Someone once said to me, “You can never be happy if you cannot forgive.” It took me two divorces and a world of misery to find out what he said was most certainly true. I finally understood that without forgiveness, I only ended up a slave to the unhealed and unresolved emotions I carried inside.
The truth is if you can’t forgive, somewhere inside, you will always be a victim to your own anger, hurt or fear. However, if you’re like me, you may have a misconception about what forgiveness actually is. Before I knew better, I stood omnipotent and granted my absolution to my transgressors. The only problem was, I was still pissed or devastated by them.
For most of us forgiveness may not be what we think it is. It’s not exactly like Sunday school, where the priest forgives the confessor. That is, you sin…God forgives. After a few heartbreaks, I’ve grown to understand forgiveness as something completely different. It’s more like a disconnection of energy.
If you’ve been hurt by someone, you’re connected through anger, victimhood, horror or sadness. Forgiveness is when that connection no longer exists and the emotional bond has been released. That doesn’t mean it’s okay that someone has hurt you. It just means letting go of a negative connection.
Furthermore, unresolved emotions trapped inside, that are associated with those negative relationships, are almost always based on the past. You can recognize them by the repeating patterns of pain they produce. Healing begins by addressing those repeating patterns and the underlying source emotions stuck inside of you.
The best way to release suppressed emotion is in deep states of relaxation or meditation. It’s actually a normal state of mind that everyone enters at least twice a day; right before falling asleep and just before waking up. It’s the half awake / half asleep state of awareness, commonly referred to as the suspended dream state. It’s where the magic of healing lives.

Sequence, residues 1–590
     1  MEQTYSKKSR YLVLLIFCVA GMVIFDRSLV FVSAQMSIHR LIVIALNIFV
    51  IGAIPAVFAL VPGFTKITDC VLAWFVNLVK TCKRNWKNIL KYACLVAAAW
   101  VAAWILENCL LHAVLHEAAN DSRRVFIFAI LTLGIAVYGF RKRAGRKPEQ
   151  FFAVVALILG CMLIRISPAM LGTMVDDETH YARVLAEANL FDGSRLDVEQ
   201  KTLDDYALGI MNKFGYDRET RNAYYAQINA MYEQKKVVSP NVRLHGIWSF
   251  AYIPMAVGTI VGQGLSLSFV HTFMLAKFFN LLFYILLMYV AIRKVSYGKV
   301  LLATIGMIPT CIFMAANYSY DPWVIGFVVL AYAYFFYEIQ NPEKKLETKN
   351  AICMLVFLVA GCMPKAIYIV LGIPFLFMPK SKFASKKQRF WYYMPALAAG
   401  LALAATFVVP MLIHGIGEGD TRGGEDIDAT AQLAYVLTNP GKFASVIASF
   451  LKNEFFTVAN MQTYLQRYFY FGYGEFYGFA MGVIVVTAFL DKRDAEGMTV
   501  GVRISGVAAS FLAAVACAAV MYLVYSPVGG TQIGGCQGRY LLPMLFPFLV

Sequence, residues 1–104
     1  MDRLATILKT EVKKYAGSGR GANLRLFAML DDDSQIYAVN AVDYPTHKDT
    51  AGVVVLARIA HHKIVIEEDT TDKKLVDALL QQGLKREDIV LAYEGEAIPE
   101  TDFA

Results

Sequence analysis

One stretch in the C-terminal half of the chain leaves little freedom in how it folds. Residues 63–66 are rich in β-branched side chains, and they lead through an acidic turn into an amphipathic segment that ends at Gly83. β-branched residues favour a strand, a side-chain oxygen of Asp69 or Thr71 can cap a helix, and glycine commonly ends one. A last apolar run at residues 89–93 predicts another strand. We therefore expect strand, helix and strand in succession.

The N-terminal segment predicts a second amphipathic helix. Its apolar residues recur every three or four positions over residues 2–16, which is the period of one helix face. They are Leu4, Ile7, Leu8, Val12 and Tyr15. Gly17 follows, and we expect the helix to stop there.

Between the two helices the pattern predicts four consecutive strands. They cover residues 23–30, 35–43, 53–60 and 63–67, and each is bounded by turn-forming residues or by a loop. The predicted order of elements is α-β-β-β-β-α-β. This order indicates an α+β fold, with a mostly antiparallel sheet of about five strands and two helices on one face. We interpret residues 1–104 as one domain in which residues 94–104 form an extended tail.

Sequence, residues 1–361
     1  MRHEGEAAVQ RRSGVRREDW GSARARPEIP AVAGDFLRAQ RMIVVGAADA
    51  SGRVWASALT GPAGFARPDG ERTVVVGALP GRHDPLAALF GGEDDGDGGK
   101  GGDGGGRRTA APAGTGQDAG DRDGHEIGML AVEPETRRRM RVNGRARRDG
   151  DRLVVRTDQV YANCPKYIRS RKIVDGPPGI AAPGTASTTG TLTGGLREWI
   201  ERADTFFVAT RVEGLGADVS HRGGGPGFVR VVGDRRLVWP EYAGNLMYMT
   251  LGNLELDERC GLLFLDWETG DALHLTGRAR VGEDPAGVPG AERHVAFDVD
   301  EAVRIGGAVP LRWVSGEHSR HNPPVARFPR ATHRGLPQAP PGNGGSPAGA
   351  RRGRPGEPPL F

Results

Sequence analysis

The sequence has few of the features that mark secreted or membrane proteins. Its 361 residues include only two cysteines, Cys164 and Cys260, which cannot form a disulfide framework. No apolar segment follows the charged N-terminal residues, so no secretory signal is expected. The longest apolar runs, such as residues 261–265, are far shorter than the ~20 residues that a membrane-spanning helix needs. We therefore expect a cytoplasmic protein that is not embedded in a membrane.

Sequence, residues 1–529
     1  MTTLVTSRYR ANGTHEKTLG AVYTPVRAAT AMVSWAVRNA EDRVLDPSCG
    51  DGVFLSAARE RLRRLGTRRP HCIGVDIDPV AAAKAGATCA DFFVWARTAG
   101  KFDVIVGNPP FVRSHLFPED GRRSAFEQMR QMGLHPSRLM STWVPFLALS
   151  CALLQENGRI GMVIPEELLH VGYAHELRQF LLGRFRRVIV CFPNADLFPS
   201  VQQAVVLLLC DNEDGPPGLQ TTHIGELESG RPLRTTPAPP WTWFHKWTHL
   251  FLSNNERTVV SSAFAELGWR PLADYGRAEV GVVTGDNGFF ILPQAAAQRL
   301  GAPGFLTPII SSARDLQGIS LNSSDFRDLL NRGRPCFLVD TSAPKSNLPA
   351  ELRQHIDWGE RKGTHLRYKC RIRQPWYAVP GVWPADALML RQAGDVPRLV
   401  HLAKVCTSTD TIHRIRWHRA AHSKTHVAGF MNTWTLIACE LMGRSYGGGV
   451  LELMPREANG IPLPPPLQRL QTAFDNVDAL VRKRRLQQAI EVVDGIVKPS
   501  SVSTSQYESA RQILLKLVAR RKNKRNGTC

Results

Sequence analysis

However, to gain the full benefits from this natural dream state, it’s a skill that needs to be developed. In other words, it takes practice. This is where the world of relaxation takes on a little mastery. The deeper you learn to sink into a relaxed state, the more dynamic and effective your experiences will be. Once the experiences start rolling in, the practice is something to eagerly anticipate and look forward to everyday. It’s settling into a pleasant encounter.
Although it’s a learned skill, it’s important to mention there’s not much to it. However, it helps to create the mood first. Simply find a quiet, comfortable place to sit or lie without distractions. No kids, no phones, no noises or interruptions. Put on some soft music, listen to nature, or just be in silence. Aroma can help, so burn a candle, incense or essential oil . Then sit and close your eyes, breathing gently. If your mind wanders, just let it and bring your attention back to your breath. Or, you can watch your thoughts drift by like clouds. Next, just let go and drift into the experience.
The next step is to release the emotion. As simple and ludicrous as this may sound, when you’re deeply relaxed, you simply let it go. However, emotional release is also a learned skill but it’s almost the opposite of other skills we learn in life. It’s the art of deeply doing nothing. By focusing on the emotion and surrendering to the experience of it, it will let go. When emotions are fully experienced, they dissipate. Most people will just feel it lift off and out of their body. I generally feel something like little tornadoes, spinning and releasing out toward my left shoulder.
Generally, when you finish, the emotions will be gone or significantly diminished. So will the repeating patterns of pain that accompany them. Furthermore, the results will be permanent, thereby, enhancing the quality of your life. Testing out the results of your meditation prowess and your ability to forgive is actually quite simple. Just think of the person you’re trying to forgive. If you don’t feel any pain, horror or anger, chances are you’re done.
So why is forgiveness such a big deal? It’s called freedom.